State of New York issues third offshore wind solicitation to accelerate clean energy development

New York has released its third competitive offshore wind solicitation, seeking enough clean, renewable energy to power at least 1.5m homes in the state. The procurement, administered by the New York State Energy Research and Development Authority (NYSERDA), includes the first phase of a $500m investment in offshore wind ports, manufacturing, and supply chain infrastructure as announced in the Governor’s 2022 State of the State report.

This announcement builds on a series of offshore wind developments for the state in 2022 and is a critical next step toward achieving New York’s Climate Leadership and Community Protection Act goal to develop 9,000 megawatts of offshore wind by 2035.

NYSERDA President and CEO Doreen M. Harris said, “Releasing our third offshore wind solicitation provides a further opportunity to revolutionize our economy and continue to build a thriving offshore wind industry right here in New York as we continue to grow our nation-leading renewable energy project pipeline. We continue to prioritise a transition that is cost-effective, environmentally responsible, and benefits all New Yorkers – and we look forward to partnering with project developers who share those same goals.”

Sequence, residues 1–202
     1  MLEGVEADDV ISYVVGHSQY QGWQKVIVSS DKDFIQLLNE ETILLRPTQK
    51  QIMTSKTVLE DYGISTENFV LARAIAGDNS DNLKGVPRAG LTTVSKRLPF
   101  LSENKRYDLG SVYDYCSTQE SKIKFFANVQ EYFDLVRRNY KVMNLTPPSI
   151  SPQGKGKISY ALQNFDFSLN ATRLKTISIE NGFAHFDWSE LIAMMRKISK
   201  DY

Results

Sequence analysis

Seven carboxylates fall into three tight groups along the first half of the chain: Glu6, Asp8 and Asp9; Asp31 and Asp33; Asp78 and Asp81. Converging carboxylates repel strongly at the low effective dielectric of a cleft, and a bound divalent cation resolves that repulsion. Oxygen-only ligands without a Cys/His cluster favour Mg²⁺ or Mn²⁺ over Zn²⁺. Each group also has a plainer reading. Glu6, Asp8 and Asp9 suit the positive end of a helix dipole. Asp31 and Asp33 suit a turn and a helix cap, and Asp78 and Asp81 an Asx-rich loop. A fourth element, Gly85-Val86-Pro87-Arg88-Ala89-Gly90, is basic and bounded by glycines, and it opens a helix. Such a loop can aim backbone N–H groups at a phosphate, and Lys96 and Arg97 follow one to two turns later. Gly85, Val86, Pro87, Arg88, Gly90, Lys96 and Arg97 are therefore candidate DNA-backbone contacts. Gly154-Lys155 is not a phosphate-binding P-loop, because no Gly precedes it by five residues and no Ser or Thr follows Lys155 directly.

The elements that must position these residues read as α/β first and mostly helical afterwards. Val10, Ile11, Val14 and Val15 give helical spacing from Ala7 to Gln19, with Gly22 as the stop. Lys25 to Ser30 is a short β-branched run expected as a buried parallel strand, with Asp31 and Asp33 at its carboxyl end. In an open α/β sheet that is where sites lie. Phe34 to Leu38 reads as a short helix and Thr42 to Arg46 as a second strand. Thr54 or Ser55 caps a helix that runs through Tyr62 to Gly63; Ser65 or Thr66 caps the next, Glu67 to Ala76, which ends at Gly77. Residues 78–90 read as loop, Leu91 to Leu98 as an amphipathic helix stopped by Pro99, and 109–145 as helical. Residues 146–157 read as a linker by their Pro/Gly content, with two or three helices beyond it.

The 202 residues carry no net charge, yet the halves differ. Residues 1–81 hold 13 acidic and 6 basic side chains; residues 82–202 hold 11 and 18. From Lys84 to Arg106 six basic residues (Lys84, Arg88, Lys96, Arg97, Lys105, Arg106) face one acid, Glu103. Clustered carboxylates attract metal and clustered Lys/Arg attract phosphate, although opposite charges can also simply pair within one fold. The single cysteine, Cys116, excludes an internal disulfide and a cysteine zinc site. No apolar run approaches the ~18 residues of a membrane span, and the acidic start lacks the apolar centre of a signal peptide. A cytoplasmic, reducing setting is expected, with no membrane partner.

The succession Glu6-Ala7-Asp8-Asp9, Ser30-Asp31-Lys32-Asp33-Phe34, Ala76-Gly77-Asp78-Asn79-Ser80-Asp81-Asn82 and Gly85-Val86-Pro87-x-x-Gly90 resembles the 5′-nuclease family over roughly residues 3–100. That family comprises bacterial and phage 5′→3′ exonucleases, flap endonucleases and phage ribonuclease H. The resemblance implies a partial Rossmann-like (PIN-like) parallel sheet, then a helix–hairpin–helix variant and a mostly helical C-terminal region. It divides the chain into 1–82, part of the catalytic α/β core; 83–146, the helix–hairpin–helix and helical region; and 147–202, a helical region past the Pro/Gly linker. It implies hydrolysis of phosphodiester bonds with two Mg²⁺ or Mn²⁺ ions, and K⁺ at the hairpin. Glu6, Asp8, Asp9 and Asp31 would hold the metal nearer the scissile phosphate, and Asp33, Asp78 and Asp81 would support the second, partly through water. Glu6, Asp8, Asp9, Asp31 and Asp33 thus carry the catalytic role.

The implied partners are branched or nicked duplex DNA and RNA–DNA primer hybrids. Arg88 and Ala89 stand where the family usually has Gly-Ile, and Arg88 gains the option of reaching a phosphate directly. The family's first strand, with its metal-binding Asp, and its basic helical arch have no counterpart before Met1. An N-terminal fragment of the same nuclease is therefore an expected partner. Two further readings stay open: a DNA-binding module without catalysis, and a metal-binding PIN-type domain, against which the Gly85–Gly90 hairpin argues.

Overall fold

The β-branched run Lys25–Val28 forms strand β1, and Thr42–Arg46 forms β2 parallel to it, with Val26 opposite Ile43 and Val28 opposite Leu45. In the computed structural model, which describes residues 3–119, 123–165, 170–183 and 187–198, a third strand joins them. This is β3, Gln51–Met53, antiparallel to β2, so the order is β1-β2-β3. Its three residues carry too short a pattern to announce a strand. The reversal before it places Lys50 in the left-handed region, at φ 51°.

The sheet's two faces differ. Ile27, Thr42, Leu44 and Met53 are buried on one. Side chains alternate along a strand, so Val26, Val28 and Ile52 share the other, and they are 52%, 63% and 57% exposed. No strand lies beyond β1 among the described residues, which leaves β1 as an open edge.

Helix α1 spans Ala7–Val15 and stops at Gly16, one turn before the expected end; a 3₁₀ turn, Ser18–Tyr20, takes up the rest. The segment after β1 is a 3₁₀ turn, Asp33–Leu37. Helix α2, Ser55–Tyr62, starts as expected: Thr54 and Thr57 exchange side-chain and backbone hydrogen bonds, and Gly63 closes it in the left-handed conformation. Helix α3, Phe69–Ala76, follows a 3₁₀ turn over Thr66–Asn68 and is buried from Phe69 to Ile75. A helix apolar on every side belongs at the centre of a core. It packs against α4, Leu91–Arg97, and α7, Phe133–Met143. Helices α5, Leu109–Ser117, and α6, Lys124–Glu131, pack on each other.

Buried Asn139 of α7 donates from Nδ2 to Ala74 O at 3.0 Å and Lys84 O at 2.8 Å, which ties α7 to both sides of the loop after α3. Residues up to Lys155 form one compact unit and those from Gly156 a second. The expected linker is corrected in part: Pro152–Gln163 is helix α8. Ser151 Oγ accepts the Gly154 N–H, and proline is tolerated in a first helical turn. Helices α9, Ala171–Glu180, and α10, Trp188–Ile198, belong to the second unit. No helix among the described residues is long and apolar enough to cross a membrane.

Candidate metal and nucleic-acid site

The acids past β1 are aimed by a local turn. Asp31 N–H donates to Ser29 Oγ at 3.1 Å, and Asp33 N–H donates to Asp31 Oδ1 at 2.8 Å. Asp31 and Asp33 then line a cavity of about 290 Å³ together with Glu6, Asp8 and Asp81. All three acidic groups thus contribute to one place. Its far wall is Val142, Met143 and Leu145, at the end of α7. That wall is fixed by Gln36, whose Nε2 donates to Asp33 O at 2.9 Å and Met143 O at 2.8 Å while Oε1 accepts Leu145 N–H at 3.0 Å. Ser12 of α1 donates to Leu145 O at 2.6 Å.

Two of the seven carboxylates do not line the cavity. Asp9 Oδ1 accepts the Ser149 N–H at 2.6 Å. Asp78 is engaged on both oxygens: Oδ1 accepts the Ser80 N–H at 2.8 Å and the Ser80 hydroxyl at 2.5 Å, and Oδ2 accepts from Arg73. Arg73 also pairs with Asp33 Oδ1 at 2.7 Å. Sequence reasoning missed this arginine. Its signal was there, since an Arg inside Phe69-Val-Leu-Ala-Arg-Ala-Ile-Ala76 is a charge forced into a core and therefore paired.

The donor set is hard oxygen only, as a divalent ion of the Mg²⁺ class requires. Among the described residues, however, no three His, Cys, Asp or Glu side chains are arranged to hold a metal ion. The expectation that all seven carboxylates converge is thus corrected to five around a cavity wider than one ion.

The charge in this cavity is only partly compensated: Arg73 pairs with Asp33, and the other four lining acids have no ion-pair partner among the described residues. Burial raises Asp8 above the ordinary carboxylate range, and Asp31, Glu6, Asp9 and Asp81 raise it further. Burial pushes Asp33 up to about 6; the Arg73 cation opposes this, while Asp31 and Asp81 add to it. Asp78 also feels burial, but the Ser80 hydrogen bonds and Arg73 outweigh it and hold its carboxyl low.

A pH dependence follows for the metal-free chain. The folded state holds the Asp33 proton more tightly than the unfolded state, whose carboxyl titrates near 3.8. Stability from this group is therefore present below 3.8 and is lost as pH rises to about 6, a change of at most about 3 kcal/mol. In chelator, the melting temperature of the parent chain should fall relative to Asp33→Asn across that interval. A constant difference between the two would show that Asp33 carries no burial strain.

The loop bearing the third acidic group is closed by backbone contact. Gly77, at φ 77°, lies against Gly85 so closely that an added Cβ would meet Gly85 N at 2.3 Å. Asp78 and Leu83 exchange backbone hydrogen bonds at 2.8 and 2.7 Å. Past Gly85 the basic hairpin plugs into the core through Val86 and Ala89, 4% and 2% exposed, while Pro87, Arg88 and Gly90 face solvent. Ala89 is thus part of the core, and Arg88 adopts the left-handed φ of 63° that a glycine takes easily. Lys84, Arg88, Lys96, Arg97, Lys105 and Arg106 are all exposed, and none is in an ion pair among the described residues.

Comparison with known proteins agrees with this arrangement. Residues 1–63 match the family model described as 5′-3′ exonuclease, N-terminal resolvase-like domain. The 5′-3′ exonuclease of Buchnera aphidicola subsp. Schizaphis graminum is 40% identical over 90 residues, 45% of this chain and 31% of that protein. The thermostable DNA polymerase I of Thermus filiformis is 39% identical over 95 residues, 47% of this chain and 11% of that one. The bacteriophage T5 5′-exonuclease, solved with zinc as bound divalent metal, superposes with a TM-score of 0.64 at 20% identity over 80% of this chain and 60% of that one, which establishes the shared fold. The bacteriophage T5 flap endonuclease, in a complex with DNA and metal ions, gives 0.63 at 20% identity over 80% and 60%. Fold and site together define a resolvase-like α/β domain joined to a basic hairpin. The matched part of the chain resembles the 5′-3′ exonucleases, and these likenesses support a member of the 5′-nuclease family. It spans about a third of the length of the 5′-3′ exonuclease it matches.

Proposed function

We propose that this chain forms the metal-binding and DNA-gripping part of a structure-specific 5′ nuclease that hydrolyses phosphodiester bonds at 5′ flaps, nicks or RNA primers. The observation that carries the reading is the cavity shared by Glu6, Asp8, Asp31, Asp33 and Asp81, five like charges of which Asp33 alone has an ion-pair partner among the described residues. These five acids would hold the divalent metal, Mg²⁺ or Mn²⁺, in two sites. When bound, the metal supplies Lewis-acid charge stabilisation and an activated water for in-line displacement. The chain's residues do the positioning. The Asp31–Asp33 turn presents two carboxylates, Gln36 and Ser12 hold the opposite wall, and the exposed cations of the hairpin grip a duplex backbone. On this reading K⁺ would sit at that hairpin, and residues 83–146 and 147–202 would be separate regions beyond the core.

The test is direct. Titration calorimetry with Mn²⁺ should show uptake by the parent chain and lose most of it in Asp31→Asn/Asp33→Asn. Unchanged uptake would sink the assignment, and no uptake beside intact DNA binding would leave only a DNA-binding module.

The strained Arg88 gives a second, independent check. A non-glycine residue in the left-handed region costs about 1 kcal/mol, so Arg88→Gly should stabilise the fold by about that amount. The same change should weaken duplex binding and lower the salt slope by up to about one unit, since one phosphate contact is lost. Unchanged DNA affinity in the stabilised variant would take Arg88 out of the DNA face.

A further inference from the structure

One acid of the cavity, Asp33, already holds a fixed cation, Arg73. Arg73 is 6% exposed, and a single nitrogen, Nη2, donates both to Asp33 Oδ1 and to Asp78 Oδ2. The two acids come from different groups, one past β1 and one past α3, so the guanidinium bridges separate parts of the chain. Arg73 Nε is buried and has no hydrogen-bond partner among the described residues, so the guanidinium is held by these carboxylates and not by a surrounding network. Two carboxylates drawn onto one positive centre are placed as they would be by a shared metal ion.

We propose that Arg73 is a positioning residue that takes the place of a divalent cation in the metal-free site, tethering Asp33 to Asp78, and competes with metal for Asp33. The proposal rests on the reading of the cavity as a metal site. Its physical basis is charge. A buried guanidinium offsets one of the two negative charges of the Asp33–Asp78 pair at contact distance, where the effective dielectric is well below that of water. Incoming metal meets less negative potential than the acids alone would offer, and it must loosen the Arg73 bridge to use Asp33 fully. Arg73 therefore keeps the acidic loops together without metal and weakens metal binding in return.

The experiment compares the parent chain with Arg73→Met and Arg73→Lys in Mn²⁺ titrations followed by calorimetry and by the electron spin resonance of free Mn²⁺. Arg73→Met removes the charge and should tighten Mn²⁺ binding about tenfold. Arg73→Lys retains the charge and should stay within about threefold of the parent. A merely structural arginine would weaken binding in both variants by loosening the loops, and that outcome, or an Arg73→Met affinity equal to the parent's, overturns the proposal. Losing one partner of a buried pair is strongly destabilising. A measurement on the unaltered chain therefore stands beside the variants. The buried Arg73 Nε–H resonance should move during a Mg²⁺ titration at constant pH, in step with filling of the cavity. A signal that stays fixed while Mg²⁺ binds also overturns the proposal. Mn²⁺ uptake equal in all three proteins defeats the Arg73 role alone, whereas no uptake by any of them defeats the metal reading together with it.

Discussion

The solicitation includes a provision for a “meshed ready” offshore transmission configuration that will facilitate offshore wind projects’ transition to a future system that can grow over time.

Evaluation points will be awarded for repurposing existing downstate fossil-based electric generation infrastructure and utilizing energy storage to enhance future system reliability and support more renewable energy on the grid.

A draft version of the solicitation was released for public comment in March 2022 and a follow-up request for information in May 2022, with over 1,300 comments received. NYSERDA incorporated feedback into the solicitation.

Proposals are due on December 22.

Kim Biggar

Kim Biggar started writing in the supply chain sector in 2000, when she joined the Canadian Association of Supply Chain & Logistics Management. In 2004/2005, she was project manager for the Government of Canada-funded Canadian Logistics Skills Committee, which led to her 13-year role as communications manager of the Canadian Supply Chain Sector Council. A longtime freelance writer, Kim has contributed to publications including The Forwarder, 3PL Americas, The Shipper Advocate and Supply Chain Canada.
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